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Thread: Mathematica

  1. #1
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    Does anyone have experience testing a Mathematica developer application? I'm looking for help and examples of how to create tests for this platform either using their developer testing tools or anything else you have used that worked.


  2. #2
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    Re: Mathematica

    In section 1.12.5 of The Mathematica Book, you can see how they tested the product themselves (roughly). Or check out their on-line version. That might give you some idea of how to test your application since it must use the Mathematica kernel or make calls to it.

    Basically, they use an automated system (with some manual checkstops). You could, of course, attempt to replicate something like that yourself in Mathematica with the Developer's Kit. Beyond that, I have tested programs written for Mathematica, some that I wrote myself and others that other people have written, like tensor packages (GRTensor). With that you can write Mathematica notebooks that check your application out by running tests against your application. Alternatively, you can hook into your application just like you would Mathematica via another language, like Java for example. (You can use Wolfram's J/Link for that.) Then you can build your test suites via the language and have it hit the application, which then calls the kernel.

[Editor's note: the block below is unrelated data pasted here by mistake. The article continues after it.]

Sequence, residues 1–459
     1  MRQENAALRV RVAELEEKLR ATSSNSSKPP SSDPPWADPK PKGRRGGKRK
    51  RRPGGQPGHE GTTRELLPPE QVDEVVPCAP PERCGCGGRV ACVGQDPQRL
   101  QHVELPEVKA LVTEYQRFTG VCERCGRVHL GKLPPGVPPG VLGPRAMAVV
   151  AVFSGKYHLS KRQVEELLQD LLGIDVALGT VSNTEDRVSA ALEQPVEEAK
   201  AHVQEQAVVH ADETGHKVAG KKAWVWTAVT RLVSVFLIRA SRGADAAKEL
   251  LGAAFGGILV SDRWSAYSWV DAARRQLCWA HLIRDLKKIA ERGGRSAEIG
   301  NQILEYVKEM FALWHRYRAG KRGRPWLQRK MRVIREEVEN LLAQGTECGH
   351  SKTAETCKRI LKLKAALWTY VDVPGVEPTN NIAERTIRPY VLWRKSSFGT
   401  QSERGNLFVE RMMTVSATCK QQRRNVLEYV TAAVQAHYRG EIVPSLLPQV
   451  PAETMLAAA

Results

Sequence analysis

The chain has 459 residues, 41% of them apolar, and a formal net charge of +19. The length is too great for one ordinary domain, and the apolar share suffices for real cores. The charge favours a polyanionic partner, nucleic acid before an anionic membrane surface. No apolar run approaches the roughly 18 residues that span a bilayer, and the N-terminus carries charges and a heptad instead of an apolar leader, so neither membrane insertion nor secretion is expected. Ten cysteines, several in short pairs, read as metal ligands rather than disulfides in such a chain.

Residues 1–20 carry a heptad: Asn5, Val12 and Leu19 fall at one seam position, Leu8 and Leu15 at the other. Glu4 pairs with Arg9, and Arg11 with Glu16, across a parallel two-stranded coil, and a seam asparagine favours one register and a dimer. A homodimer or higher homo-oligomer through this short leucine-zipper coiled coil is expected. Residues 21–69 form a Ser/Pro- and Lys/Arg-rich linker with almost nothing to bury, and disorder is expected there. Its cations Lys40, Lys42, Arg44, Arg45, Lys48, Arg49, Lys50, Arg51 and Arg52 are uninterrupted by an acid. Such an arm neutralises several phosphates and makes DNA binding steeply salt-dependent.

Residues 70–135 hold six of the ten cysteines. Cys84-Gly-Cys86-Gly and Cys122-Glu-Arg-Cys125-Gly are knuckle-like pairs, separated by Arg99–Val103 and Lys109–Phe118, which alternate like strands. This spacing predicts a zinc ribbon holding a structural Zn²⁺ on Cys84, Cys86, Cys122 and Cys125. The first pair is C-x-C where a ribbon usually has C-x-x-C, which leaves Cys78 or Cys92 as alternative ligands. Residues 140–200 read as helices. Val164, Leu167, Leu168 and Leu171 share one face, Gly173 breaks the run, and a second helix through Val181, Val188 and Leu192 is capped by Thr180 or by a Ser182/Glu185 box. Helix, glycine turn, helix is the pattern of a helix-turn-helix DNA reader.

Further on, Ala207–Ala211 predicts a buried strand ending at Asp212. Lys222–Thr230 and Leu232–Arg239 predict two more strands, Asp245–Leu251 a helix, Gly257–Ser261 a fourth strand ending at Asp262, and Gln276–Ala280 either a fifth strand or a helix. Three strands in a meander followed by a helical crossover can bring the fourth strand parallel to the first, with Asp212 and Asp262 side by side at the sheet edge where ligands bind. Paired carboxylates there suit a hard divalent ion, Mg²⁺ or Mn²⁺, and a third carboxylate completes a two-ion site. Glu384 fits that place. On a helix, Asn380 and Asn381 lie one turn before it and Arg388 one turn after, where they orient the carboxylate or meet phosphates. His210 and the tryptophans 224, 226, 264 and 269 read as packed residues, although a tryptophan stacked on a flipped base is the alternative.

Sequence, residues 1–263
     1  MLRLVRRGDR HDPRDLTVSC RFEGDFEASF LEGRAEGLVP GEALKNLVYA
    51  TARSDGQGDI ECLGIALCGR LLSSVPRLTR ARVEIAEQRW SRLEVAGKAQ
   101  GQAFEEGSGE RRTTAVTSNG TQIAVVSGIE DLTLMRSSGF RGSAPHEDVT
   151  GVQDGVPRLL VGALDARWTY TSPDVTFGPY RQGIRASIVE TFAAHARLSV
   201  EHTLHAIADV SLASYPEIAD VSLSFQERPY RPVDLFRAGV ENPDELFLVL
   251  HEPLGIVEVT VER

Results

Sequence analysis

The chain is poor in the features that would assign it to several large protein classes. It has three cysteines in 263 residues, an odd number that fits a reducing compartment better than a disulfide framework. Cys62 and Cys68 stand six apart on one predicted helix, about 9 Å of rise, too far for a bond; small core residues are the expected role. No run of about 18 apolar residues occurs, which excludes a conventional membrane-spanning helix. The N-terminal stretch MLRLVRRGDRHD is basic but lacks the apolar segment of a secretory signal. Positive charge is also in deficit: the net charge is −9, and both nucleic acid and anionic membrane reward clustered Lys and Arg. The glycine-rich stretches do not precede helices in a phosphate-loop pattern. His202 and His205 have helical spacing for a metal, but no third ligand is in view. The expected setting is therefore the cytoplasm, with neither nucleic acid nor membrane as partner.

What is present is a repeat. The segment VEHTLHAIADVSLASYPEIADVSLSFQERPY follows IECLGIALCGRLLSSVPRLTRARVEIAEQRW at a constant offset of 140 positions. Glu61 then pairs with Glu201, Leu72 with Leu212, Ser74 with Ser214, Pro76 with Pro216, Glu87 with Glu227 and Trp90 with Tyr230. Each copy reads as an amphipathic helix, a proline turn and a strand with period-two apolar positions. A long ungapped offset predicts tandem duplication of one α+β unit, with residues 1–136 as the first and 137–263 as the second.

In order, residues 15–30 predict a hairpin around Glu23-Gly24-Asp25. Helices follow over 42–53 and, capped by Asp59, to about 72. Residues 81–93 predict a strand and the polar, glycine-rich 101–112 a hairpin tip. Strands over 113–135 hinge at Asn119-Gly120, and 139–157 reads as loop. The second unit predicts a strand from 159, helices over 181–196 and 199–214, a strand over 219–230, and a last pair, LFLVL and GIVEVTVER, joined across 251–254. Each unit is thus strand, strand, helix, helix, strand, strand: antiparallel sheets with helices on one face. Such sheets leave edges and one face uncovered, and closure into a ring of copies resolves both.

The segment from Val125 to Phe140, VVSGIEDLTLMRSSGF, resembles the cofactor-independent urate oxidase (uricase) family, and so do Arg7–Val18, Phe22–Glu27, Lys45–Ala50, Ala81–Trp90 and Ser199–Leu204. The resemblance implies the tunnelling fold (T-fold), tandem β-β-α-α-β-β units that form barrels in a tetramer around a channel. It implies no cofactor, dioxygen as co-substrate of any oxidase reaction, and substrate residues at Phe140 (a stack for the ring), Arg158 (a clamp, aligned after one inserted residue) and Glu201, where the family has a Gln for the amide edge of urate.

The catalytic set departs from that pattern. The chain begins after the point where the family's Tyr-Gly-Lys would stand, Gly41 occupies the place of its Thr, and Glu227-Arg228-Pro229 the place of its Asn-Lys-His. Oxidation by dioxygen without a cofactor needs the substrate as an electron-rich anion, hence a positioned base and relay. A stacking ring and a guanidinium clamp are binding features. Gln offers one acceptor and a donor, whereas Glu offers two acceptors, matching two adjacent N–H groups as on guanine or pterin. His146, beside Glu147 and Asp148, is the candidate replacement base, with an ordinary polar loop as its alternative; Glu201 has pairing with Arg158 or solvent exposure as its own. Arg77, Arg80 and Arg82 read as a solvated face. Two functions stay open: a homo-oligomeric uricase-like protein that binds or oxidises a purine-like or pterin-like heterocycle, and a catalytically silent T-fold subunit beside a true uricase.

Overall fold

Presumably the application you are referring to does formulaic calculation and, as such, it is pretty easy to deduce what needs to be done in relation to that. Write a mini "test engine" that simply feeds your formulas a variety of values. You can also write little stubs that do various things. Check out these ideas on language helpers. That is not testing, per se, but it can give you some ideas.

    You can also test timing information (i.e., performance related parameters) relative to your application. For example, I like to calculate with known Mathematica values and then apply to those to what I am using via a performance ratio. For example, if I use Sin[x] in my calculations, I know that Mathematica is rated at 0.13 seconds for this. Which means my program should be equivalent to that - with due consideration being made for anything else being done in relation to that calculation, of course.

    I also recommend looking at section 2.12 (page 630) in The Mathematica Book. That is not about testing, per se, but it does talk about linking external programs to Mathematica and making the appropriate calls.

    Basically, however, you just hook into the developer application you have (such as an add-in, or whatever you are doing) in the same fashion that you would hook into Mathematica and then execute the formulas of your application. You can also do this directly in Mathematica by simply writing notebooks that call functions that do the same thing. So it really depends on how you want to do it. For example, you could use the NotebookCreate method or you can use NotebookPut and then feed the notebook information you want it to have, forcing it to act as a type of test stub for you.

    If you ever do graphics and need to check those, that can get a little trickier and is where the manual aspects come in. But you can do things like use the SurfaceOfRevolution function and the RevolutionAxis methods together and then manually check out what it shows you. For example, if you are checking surfaces and you want to make it clear where the flat surface is actually coming from (thus validating your surface rendering) you might do something like:

    Of course if you are not worrying about graphics, then this hardly matters. I am just trying to give you a wide understanding of things you can do. This does not even begin to go into making sure your equations are optimized or making sure that your styles are showing up correctly. (The former can be automated to a large extent, the latter is going to be manual.)

    Just some thoughts. Hope they help.




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